Determine the moment of inertia of a bar and disk assembly

  • #1
TheBigDig
65
2
Homework Statement:
A homogeneous 3kg rod is welded to a homogeneous 2kg disc. Determine it's moment of inertia about the axis L which passes through the object's centre of mass. L is perpendicular to the bar and the disk.
Relevant Equations:
## I_x = \int y^2\mathrm{d}A ##
## I_y = \int x^2\mathrm{d}A ##
Q.PNG

I have been given an answer for this but I am struggling to get to that point
$$ANS = 0.430\, kg \cdot m^2$$

So I thought using the moment of inertia of a compound pendulum might work where ##I_{rod} = \frac{ml^2}{12}## and ##I_{disc} = \frac{mR^2}{2}## (##l## is the length of the rod and ##R## is the radius of the disc)
$$ I_P = I_{rod} + M_{rod} \bigg( \frac{S}{2} \bigg)^2 + I_{disc} + M_{disc} (S+R)^2$$
where S is the length of the pendulum

$$ I_P = 0.09 + 1.2 + 0.04 + 2 = 2.61\, kg \cdot m^2$$
Much too large for my purposes.
Not really sure where to go after this. Any help is appreciated.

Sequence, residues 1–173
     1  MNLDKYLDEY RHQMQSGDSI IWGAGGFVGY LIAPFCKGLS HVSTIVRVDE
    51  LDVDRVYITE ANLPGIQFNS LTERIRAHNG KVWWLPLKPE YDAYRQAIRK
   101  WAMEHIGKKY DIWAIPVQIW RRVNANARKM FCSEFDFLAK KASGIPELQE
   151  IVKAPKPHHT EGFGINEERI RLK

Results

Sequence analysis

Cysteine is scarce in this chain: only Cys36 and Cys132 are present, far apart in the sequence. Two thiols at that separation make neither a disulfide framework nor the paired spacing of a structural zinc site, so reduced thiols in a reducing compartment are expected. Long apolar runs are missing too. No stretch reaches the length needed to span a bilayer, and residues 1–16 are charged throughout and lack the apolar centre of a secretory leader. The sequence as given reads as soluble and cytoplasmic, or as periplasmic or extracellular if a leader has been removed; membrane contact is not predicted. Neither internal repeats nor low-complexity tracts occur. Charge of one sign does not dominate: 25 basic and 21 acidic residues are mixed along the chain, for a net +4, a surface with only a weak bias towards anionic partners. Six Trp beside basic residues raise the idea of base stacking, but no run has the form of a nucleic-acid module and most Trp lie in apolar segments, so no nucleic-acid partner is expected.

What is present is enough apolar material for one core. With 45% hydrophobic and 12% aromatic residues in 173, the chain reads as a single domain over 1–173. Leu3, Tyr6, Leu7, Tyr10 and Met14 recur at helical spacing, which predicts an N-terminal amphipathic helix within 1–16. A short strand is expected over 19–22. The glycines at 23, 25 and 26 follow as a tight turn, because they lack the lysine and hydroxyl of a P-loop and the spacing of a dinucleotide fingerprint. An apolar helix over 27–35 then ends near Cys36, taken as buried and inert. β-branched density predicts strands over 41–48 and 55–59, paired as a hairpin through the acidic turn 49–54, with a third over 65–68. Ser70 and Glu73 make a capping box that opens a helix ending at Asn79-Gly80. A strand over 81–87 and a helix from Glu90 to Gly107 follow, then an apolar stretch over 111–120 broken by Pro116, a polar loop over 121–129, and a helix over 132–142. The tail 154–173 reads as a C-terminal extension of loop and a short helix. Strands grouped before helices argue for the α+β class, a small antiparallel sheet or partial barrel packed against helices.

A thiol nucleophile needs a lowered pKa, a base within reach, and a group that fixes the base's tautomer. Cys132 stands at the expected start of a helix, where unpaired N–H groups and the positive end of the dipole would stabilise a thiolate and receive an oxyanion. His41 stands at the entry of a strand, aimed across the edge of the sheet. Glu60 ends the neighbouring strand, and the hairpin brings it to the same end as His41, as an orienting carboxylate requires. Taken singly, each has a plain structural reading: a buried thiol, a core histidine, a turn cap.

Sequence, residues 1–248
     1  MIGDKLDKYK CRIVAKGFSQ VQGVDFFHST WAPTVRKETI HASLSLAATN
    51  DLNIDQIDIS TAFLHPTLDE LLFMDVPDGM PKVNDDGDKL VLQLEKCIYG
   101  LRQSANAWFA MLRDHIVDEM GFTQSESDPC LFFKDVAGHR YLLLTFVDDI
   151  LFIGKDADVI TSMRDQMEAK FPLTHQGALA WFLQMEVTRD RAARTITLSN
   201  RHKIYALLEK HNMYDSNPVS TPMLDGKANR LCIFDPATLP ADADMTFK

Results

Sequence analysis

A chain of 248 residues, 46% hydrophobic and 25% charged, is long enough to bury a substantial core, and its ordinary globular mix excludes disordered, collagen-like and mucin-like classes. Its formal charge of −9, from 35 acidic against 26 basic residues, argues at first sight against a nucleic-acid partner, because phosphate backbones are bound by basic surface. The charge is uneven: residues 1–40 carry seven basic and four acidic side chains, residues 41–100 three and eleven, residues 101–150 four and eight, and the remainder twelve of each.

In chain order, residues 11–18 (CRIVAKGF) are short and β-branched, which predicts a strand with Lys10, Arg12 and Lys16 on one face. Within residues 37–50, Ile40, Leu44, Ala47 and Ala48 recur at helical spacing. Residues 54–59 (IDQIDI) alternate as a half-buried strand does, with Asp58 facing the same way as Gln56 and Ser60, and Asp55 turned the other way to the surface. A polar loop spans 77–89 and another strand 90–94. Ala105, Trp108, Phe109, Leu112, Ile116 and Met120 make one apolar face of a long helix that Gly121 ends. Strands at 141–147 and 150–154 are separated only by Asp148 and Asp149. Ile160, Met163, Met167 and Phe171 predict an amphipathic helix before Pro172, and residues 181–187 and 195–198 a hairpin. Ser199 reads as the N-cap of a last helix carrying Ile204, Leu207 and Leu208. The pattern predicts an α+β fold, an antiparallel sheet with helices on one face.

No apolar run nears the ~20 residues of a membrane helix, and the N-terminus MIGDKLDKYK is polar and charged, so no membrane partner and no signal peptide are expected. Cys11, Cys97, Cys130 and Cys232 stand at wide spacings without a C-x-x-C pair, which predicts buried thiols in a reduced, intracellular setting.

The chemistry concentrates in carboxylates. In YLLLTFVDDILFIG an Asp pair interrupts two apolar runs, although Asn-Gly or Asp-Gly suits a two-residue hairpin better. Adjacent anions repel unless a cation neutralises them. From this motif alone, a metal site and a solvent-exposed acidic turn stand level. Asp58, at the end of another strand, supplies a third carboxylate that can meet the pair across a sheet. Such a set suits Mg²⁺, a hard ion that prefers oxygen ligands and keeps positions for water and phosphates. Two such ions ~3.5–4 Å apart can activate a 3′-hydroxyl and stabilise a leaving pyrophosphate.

Last edited:

Answers and Replies

  • #3
haruspex
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It looks like you are defining P as the free end of the rod and applying the parallel axis theorem. You forgot to square the L/2, but maybe that's just a typo in writing the thread. And you wrote that your L is the length of "the pendulum', but you mean the length of the rod. It is rather confusing that you switched from the given "l" to "L", when L was already defined as an axis.

Anyway, you are asked for the moment about the mass centre. To get that you need to find where that is and apply the parallel axis theorem in reverse.
 
  • #4
TheBigDig
65
2
It looks like you are defining P as the free end of the rod and applying the parallel axis theorem. You forgot to square the L/2, but maybe that's just a typo in writing the thread. And you wrote that your L is the length of "the pendulum', but you mean the length of the rod. It is rather confusing that you switched from the given "l" to "L", when L was already defined as an axis.

Anyway, you are asked for the moment about the mass centre. To get that you need to find where that is and apply the parallel axis theorem in reverse.
Sorry about that, I changed the post to reflect your corrections. ##l## is for the length of the rod and S is the length of the pendulum now. Thanks for the advice. I'll try giving that a go
 

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